“Yes, you,” he said. “Leave.”
He stamped his foot against the sidewalk, trying to scare me. He clapped his hands, and then he raised them like he was going to slap me.
“Hut,” he shouted. “Hut! Hut!”
“I’m just resting my legs,” I said. “I am doing no harm.”
“Go,” the man said.
“Why?” I asked.
“You’re getting in the way,” he replied. “We don’t let strays stay outside the store. It’s bad for the business. The customers won’t come anymore if they see beggars hanging around outside the store.”
“I’m not a beggar,” I replied. “It’s shady here, and I just want to relax.”
“Are you going to buy something?” he asked.
A man and a woman, holding hands, walked by and stopped and laughed.
“Go easy,” the woman said. “It’s hot. Give him some water.”
“Then he will keep on coming back,” the security officer said. “Move along.”
The man placed some money at my feet, and the couple walked away.
“No,” I said. “I don’t need any thing.”
“No loitering,” the security officer said. “I will have you arrested.”
“But this man here is homeless, and he’s been sitting here just as long as I have,” I said. “He is loitering as well then.”
“I will have you arrested for loitering and troublemaking.”
“But look at him,” I said. “He’s practically naked, and he urinated on your building, and he’s been throwing lemons and banana peels. I am just sitting here.”
I looked at the homeless man, who had finished sucking the juice from the mango seed, and he threw the seed and the mango peels to the edge of the curb where the lemons and the banana peel lay. He then proceeded to floss his teeth with a thin strip of the mango skin. My gums started to bleed — I spat and saw tiny dots of red in my spit.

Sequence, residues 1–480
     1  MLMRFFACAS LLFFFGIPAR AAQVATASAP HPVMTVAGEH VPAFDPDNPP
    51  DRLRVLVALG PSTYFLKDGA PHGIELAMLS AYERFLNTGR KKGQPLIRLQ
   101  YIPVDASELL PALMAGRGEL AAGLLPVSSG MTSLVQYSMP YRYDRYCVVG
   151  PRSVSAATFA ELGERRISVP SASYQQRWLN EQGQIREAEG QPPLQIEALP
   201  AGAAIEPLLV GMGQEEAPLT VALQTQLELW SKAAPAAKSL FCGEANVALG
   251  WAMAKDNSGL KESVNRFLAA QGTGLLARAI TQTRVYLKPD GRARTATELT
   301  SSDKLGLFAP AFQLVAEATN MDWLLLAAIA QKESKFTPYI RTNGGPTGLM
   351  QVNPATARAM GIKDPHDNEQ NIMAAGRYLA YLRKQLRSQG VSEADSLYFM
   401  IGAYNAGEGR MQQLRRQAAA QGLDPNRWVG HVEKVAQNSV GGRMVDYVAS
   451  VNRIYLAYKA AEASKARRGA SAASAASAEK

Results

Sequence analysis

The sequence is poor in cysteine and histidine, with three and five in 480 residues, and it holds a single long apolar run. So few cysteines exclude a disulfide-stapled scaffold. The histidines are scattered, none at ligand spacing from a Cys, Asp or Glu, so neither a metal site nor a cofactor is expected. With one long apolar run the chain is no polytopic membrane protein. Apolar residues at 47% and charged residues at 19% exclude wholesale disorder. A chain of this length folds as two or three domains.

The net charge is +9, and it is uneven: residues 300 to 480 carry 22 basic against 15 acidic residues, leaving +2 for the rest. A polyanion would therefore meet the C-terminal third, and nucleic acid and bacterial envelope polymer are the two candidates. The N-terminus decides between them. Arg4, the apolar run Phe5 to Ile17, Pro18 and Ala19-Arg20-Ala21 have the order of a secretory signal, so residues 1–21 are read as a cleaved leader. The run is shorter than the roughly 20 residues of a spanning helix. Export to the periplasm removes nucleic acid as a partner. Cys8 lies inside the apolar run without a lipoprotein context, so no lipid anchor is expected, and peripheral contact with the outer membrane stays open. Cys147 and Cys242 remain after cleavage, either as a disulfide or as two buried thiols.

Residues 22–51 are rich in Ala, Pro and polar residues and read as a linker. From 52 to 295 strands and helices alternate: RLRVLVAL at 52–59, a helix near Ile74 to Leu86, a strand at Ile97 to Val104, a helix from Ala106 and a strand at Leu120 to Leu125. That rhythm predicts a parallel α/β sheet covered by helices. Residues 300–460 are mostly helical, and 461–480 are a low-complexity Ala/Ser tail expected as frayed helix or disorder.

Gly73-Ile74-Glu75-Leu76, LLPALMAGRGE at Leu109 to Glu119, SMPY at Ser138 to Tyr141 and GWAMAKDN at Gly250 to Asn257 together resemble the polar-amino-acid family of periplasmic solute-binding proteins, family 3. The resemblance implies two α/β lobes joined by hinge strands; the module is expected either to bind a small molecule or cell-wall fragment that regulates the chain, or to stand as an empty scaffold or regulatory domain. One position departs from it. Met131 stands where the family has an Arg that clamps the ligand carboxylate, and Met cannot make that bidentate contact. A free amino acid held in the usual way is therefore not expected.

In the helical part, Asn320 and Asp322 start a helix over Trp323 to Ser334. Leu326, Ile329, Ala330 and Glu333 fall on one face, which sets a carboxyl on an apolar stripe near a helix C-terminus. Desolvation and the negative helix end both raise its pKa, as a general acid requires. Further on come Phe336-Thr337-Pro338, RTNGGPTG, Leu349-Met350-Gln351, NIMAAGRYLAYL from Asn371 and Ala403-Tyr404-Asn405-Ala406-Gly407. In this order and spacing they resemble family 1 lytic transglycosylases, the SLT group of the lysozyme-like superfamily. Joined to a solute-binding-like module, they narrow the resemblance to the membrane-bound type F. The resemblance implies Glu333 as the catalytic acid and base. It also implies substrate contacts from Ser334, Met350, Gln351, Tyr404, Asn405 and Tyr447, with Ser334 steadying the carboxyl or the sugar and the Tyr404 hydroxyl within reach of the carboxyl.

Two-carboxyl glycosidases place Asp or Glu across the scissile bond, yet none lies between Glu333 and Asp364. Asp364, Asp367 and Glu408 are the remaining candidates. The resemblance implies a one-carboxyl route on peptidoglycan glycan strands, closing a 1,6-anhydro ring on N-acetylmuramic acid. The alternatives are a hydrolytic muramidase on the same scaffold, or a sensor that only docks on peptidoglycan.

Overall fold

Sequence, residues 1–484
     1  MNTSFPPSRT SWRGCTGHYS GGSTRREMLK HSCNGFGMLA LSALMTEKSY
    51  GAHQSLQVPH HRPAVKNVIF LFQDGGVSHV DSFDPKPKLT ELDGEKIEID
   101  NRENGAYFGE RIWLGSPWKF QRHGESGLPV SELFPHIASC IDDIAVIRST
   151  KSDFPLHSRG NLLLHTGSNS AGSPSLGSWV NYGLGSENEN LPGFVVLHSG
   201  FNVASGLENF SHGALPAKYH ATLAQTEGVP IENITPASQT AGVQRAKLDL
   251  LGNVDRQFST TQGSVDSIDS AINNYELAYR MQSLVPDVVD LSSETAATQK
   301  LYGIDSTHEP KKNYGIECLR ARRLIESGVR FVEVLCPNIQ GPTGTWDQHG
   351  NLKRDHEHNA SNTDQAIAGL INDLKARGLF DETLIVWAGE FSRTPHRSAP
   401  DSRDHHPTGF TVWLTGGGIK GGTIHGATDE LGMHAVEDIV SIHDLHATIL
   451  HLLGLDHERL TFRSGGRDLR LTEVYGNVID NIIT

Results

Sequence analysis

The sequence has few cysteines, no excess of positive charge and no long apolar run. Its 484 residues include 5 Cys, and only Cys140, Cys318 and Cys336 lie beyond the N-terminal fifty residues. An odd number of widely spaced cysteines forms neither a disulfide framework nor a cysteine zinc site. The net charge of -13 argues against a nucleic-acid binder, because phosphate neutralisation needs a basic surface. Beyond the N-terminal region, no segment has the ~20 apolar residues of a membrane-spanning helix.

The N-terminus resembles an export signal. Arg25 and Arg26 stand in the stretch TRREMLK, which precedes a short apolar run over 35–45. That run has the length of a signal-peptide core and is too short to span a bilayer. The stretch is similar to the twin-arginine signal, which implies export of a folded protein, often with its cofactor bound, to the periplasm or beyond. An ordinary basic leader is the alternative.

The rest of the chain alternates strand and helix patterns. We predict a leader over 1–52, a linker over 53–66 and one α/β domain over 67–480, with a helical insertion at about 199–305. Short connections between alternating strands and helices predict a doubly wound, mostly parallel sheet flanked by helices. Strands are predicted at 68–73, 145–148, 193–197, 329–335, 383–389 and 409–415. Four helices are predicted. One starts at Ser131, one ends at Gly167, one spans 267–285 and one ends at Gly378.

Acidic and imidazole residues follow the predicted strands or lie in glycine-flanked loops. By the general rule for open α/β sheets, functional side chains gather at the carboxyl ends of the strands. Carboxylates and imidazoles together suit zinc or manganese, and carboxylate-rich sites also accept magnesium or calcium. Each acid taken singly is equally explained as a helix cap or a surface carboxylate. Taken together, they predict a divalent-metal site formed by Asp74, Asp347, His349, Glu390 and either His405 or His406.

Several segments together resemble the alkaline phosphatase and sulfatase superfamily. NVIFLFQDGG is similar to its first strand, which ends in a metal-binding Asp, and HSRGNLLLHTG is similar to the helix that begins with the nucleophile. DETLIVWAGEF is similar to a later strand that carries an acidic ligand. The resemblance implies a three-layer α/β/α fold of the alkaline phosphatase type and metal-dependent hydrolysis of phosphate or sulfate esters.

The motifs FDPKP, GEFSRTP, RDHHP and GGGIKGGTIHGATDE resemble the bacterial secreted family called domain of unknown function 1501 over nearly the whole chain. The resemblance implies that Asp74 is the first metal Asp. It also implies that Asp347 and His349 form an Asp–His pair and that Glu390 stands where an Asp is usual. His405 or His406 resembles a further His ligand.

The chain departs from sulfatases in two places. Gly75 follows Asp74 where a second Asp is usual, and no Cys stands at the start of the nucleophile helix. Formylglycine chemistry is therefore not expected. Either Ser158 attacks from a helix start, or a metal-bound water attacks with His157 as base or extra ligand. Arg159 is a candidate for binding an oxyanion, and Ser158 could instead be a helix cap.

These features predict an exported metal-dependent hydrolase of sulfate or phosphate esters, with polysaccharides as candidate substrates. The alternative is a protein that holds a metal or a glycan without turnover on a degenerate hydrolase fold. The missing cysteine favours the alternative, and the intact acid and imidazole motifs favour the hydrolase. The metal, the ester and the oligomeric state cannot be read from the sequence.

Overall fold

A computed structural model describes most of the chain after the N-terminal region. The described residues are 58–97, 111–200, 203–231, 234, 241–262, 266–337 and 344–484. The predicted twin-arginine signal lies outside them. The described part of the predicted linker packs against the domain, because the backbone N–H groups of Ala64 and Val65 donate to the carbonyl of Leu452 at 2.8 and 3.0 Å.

“Take your money and go,” the security officer said. “You have begged enough for the day. Find another place to bother.”
“That’s not my money,” I said. “People have been dropping it here for some reason. I guess maybe for him.”
I nodded my head towards the homeless man.
“Why aren’t you telling him anything?” I asked.
“The store has strict policies.” the guard replied. “We will lose customers because of you.”
I stood up, and the homeless man remained crouched and silent. The security officer grabbed me by the ear and pulled me away from the front of the clothing store. He shoved me and I fell to the ground. The officer walked back into the building. I stood up, wiped the dust off my arms, and walked back to the front of the store. A young student, holding books in one hand, walked by and dropped some more coins next to my feet.
“Find some food,” she said. “Take.”
I kicked the coins against the building and cursed. My stomach hurt. I crouched down and splattered the wall with whatever was inside my intestines. The security officer came outside.
“Hey,” the man shouted. “Come here. I will knock your head off. You swine.”
The man started to run towards me. I spat on the window multiple times. When the security officer reached me, I gave him a slight push which caused him to stumble over. I picked up some of the money that was on the ground and ran away. A few blocks down, I found a small restaurant and waited by the trashcan. It was here, as I sniffed the contents of the bin, that I realized people had taken me for a mongrel.
“I am no mongrel,” I shouted. “I am no mongrel!”
No one inside of the restaurant looked at me. Someone threw away a half-eaten samosa into the trashcan and exited the building.